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5 phases of the active shooter: A tactical reload

We must energize and educate the public on how they can prevent these shootings by watching for certain common behaviors these killers exhibit


The question is continually asked after every active shooter event: “Can we do anything to prevent this insanity?”

The answer is, “We can’t prevent them all, but we can prevent many if more people understood the Five Phases of the Active Shooter.” Lives can be saved if the shooter is interrupted during the first four of the five phases these killers generally pass through. 

I developed — and have taught — the Five Phases of the Active Shooter after a great deal of research coupled with personal experiences with active shooters. Even if you're already aware of the five phases, it's important to occasionally do a tactical reload of the Five Phases concept. Take a moment to review the below, and then go out and educate your public. 

1. Fantasy Phase

During this phase, the wannabe mass-murderer dreams of his day of achieving an historic level of carnage. Often they will write, draw, and post this fantasy in a variety of venues, from their notebook to their Facebook page. 

During this time, this potential demon bereft of empathy is surprisingly likely to share his thoughts and feelings with someone else. If this shared information makes it to the properly-motivated professional, lives can be saved by that professional alerting authorities. That professional might be a teacher, a doctor, a counselor, a therapist or a law enforcement officer. 

Too often, people dismiss these warning signs as “crazy talk” and do not take action because they are afraid of being accused of overreacting. Inaction enables carnage, whereas taking proper action can prevent it.

2. Planning Phase

During the planning phase, the potential killer lays out the who, what, when, where, how, and why of his plan. In other words, he will document who he will kill, what he will use to accomplish these murders, and when, where and how the slaughter will take place. In many cases the shooter will intricately explain the reasons for his intended actions. 

Finding the plan on a hard drive or in hard copy form before the event will almost certainly ensure the plan will never come to fruition. These plans — or manifestos — are often so hateful and intent filled they will impact either the length of sentencing and/or treatment, depending on which venue is appropriate.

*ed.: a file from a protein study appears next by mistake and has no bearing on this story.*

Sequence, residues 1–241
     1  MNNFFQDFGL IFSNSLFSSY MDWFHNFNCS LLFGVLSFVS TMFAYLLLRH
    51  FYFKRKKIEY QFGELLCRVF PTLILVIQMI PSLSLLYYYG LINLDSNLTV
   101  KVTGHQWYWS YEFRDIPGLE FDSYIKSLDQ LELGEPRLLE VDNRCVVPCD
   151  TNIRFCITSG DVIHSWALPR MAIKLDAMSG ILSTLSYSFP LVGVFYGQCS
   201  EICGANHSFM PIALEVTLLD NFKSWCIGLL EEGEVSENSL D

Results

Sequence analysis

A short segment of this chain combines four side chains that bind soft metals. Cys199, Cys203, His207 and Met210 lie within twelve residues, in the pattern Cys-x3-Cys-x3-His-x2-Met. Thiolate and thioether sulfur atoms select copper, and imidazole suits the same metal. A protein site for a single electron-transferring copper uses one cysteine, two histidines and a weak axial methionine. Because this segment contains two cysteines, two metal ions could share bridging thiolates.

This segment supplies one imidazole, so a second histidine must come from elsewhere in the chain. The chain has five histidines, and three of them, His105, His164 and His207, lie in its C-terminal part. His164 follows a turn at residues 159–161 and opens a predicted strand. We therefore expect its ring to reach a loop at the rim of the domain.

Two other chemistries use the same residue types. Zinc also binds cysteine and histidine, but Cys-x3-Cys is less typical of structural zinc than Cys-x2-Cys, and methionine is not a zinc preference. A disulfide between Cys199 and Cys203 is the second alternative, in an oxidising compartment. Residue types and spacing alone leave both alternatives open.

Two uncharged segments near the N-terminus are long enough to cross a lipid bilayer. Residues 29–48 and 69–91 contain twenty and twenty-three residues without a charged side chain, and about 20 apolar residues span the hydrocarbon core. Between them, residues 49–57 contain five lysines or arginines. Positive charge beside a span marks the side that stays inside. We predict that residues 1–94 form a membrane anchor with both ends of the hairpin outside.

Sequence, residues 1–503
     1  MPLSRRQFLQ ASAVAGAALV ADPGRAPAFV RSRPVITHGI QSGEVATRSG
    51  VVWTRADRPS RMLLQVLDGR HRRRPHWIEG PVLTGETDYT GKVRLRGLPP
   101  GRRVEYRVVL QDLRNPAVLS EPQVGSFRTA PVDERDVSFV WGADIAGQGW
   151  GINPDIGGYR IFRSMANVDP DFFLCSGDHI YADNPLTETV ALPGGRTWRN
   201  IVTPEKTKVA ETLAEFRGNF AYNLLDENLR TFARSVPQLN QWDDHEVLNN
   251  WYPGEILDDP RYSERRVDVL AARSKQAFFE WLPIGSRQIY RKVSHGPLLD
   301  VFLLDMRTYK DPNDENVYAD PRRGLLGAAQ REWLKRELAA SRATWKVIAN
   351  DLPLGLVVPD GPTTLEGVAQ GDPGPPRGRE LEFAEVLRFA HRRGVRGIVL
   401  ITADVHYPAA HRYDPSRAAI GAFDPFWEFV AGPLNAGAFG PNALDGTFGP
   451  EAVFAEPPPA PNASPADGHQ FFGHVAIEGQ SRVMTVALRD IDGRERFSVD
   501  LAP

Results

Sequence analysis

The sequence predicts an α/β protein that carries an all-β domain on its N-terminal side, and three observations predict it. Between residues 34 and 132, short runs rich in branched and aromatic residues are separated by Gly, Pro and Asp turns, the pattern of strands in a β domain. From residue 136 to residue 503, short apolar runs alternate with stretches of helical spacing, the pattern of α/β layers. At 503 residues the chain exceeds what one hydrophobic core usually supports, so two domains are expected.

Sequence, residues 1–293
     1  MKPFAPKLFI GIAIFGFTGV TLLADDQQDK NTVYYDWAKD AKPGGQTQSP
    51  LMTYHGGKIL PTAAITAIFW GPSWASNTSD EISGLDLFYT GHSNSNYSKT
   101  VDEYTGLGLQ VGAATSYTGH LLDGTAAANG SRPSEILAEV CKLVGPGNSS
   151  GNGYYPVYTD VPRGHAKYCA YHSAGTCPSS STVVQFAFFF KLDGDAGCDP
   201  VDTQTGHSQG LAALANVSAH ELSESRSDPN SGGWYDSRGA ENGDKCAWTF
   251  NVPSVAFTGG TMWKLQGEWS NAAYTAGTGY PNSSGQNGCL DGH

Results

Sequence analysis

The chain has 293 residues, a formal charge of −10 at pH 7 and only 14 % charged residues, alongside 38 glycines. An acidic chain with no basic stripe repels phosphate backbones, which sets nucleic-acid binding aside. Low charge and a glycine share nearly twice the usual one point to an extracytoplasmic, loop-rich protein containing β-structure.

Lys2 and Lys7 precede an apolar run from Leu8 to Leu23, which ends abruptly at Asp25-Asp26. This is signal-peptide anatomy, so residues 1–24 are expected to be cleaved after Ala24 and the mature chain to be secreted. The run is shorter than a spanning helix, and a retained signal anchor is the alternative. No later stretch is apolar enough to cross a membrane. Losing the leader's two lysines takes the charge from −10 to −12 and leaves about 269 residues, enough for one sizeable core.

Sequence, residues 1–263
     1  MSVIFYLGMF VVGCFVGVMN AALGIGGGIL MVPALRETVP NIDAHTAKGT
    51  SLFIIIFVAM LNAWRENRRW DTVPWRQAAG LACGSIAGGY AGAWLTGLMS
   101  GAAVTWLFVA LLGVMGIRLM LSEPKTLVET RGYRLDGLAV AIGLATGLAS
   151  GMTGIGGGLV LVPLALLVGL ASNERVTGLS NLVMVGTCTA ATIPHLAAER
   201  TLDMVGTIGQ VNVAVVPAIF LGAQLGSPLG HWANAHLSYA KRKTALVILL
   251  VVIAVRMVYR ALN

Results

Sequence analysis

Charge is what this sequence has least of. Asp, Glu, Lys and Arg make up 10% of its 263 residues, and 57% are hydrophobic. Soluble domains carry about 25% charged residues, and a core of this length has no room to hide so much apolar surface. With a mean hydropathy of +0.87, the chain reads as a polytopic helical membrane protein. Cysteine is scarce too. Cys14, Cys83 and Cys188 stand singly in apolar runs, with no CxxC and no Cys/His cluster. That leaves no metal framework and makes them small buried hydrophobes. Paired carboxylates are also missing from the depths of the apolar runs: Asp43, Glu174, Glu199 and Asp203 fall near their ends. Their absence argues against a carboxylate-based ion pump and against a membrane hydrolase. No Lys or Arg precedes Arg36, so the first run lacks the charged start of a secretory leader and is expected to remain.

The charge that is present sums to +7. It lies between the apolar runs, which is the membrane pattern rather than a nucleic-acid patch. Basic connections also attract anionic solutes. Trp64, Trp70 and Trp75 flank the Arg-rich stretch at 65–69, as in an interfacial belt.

When these recorded plans are found in advance of the attack, lives will be saved.

3. Preparation Phase

After forming the plan, the mass-murderer-in-waiting must gather the items he needs to succeed. He must buy or steal the tools required to deliver death and destruction. The suspect will also visit the scene to gather intelligence as he finalizes the plan. 

The preparation phase is an opportunity for a family member, citizen, school employee, businessman, or police officer to take notice of the suspicious nature of the accumulation of information and equipment. Relaying suspicions here may also save lives. 

4. Approach Phase

This phase affords an opportunity for an alert citizen or police officer to notice someone dressed for combat approaching a school, hospital, mall, theater, or church carrying a weapon, or weapons. If the citizen calls 911 or officers spot the suspect, the soon-to-be killer can be stopped prior to reaching his target. 

The “Terry Stop” is an invaluable tool for situations such as this.

5. Implementation Phase

Regardless of motivations, once they start killing these attackers are going for top score. What is needed is an immediate, effective, efficient act of courage. Seconds lost equal lives lost. An honorable gunfighter needs to intervene, take the shot and make that shot. 

Even if unarmed — when fleeing is not an option — many potential victims have chosen to fight. Many shooters have been thwarted by an immediate, aggressive unarmed response by those who refused to “go quietly into that good night.”

It Could Happen To You

Officers out there must be alert to the fact that you may cross paths with an active shooter during the first four phases. Your powers of observation, your determined investigation techniques, and your grasp of how to apply the rules of arrest, search, seizure, or the emergency detention of the dangerously mentally ill may result in you saving lives.

You also have to realize it is becoming more and more likely that you may be the first honorable gunfighter to arrive at the scene of an in-progress active shooter — on duty or off. You may have to ask yourself, “Do I wait for back-up or do I advance alone?” 

Realize, however, that when you hear those shots and screams, your feet are likely to decide for you. Most of you will find yourself instinctively drawing your weapon as you “ride to the sound of the guns.” Prepare!

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